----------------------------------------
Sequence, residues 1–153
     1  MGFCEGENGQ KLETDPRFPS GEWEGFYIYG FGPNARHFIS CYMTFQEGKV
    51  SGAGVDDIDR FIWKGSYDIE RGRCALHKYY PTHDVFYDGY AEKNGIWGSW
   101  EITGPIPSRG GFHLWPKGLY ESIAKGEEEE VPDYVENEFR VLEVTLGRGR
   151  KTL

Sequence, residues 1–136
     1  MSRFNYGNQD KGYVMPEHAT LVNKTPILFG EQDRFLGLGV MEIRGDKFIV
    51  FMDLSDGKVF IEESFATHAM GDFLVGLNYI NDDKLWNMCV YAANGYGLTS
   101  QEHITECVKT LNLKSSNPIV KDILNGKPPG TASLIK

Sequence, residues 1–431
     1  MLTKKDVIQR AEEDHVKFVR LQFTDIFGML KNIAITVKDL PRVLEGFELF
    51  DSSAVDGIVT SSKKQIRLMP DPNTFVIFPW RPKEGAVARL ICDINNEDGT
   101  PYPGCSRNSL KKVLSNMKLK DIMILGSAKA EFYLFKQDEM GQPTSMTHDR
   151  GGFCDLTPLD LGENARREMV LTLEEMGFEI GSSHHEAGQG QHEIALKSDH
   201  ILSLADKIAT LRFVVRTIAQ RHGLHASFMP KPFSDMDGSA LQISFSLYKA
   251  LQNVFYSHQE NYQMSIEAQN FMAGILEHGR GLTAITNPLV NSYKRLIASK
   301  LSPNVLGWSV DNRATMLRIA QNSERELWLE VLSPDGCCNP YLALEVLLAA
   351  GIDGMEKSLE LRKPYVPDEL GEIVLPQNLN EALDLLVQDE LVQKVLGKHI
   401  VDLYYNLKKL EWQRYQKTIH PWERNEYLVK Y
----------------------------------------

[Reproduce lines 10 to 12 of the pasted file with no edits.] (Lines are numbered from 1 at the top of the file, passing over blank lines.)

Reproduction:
Sequence, residues 1–431
     1  MLTKKDVIQR AEEDHVKFVR LQFTDIFGML KNIAITVKDL PRVLEGFELF
    51  DSSAVDGIVT SSKKQIRLMP DPNTFVIFPW RPKEGAVARL ICDINNEDGT